Monday, October 27, 2008

My World Tuesday

My World in HO Scale.
This post combines where I was born, raised and live with model trains.
A win/win.
This is the County Court House with one of the oldest churches in town.
The local model railroad club has built Evansville, IN in HO scale. Of course the city is much larger than this but everyone of these buildings are modeled after the real thing. Some however no longer exist.
This was the Grand Theater. A very classy theater that became a movie house. When they tore it down the demolition crew wrecked a friends brand new 63 Split Window Corvette!!

The building with the stripped roof is the Post Office and Tariff House. Evansville is on a bend in the Ohio river and was a major riverboat port. When the Wabash and Erie Canal ended here they built the tariff house right between the two so they could collect both ways. It has been beautifully restored.
At one time the train did run right through the middle of town down Division Street cutting the town in half.

The old McCurdy Hotel. A grand old hotel that has become a retirement home. They are getting ready to boot out the oldsters and take it Condo. They are actually going to build the oldsters a brand new place so don't worry.
The old train Yard on the west side. My Grandfather was an engineer for the old L&N Railroad and worked here.
Another view of the old train station. They tore it down to build a Pawn shop! The pawn shop was just torn down so the cross town expressway could be widened. Such is progress.
Thanks to the people putting on My World.
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Saturday, October 25, 2008

March 79A Outside In

Here is the anatomy of a 70's vintage Formula Atlantic Race car.This is a March 79A chassis #4. March only built 3 of the 79A's. They were originally set up for Formula 3 (I think) in Europe. Doug Shierson here in the US bought it and had March rework it to Atlantic specs, hence the chassis #4. The car weighed 1130 LBS. WITHOUT driver.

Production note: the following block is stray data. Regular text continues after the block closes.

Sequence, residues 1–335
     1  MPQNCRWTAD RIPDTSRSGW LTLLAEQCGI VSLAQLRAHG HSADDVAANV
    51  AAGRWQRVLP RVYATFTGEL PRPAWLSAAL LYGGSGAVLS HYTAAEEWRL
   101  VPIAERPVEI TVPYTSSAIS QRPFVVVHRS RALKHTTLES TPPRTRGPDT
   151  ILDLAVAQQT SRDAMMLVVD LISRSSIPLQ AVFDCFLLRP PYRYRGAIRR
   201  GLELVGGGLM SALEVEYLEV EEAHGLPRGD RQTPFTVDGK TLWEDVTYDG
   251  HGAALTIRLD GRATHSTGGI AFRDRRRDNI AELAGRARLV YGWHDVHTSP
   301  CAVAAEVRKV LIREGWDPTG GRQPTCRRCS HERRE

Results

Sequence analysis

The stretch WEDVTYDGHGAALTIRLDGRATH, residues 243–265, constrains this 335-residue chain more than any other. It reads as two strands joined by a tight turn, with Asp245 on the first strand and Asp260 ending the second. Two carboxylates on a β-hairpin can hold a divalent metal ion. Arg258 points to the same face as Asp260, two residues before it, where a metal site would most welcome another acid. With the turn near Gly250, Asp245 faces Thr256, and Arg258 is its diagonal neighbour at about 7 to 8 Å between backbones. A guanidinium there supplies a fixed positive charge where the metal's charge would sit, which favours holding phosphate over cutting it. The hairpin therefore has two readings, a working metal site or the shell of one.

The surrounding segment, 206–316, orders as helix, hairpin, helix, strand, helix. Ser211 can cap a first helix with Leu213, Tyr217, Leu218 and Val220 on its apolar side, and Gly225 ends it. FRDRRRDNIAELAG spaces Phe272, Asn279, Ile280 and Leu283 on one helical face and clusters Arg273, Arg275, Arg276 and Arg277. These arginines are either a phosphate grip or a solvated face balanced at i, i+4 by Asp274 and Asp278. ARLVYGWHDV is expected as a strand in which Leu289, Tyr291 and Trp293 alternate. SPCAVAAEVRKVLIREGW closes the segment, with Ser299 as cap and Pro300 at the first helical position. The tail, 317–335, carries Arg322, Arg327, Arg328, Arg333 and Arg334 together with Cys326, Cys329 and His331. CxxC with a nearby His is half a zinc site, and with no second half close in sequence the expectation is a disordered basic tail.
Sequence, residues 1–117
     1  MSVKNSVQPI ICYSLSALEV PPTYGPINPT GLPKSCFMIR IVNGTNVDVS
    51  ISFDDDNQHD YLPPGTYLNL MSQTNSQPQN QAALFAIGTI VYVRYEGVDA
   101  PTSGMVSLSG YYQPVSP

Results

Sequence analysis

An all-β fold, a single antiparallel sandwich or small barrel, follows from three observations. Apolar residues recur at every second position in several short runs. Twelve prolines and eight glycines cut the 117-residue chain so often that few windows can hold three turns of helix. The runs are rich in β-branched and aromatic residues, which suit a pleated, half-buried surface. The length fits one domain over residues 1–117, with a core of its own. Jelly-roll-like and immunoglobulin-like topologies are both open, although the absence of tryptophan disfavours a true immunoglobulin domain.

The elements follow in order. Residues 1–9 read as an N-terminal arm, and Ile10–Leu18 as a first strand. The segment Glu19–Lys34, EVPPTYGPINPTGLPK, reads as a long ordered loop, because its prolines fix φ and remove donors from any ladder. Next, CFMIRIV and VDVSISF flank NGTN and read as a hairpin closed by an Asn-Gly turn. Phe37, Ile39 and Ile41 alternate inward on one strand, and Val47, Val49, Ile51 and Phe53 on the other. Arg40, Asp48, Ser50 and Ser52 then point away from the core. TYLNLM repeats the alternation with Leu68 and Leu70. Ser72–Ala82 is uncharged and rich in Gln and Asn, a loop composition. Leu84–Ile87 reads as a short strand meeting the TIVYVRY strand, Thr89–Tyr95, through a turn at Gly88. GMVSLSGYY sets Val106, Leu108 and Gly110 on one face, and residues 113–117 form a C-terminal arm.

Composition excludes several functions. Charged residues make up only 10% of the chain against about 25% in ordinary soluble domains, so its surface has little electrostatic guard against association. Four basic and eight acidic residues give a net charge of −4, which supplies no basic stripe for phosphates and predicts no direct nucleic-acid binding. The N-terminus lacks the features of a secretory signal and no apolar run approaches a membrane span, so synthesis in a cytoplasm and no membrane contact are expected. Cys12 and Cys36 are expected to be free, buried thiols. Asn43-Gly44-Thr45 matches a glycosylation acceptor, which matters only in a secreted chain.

The basic aluminum tub with a forged aluminum front bulkhead and a machined magnesium rear bulkhead. This view shows the sub frame that carries the radiator and front body work

Right side rear view.
Rear end showing the wing mounted to the transmission, oil cooler and sway bar

View of the office.
Notice all of the room.
I'm 6'-4" and there was room for me.
By 1980 Atlantic's became sized for less than ample people.
Notice the brackets for supporting the side pods are different on the right and left. I think this is because March just did what was needed. nothing sophisticated.
Cosworth BDD engine, 1600cc. Approximately 200 HP.
It would turn 10,000RPM and sound sooo good.
Hewland FT 200, 5 speed transmission w/ inboard brakes
The rear suspension was definitely different than most.
It has a lower "Z" arm with a single trailing arm.
The front edge of the trailing arm could be adjusted high to low and the lower "Z" arm had extra toe adjustment. However nothing seemed to change as things were adjusted.
It was very neutral - almost too much.
By the way---FAST!!!

Monday, October 20, 2008

My World Tuesday

This is the Amanda Blast Furnace of AK Steel in Ashland KY. As an engineer doing consulting design I work in a lot of various industries. We have installed equipment on the downstream rolling mill section where the final steel sheets come out. This blast furnace runs 24 hours a day seven days a week to produce the molten steel that is then carried over to the casting mill where large slabs are produced.This looks like a dirty old piece of equipment, which it is. It was last updated in the early 60's. But if you show up at the plant early in the morning before the sun is up and get to see the 50 foot tall blue flame blasting out of the top it is a sight to see.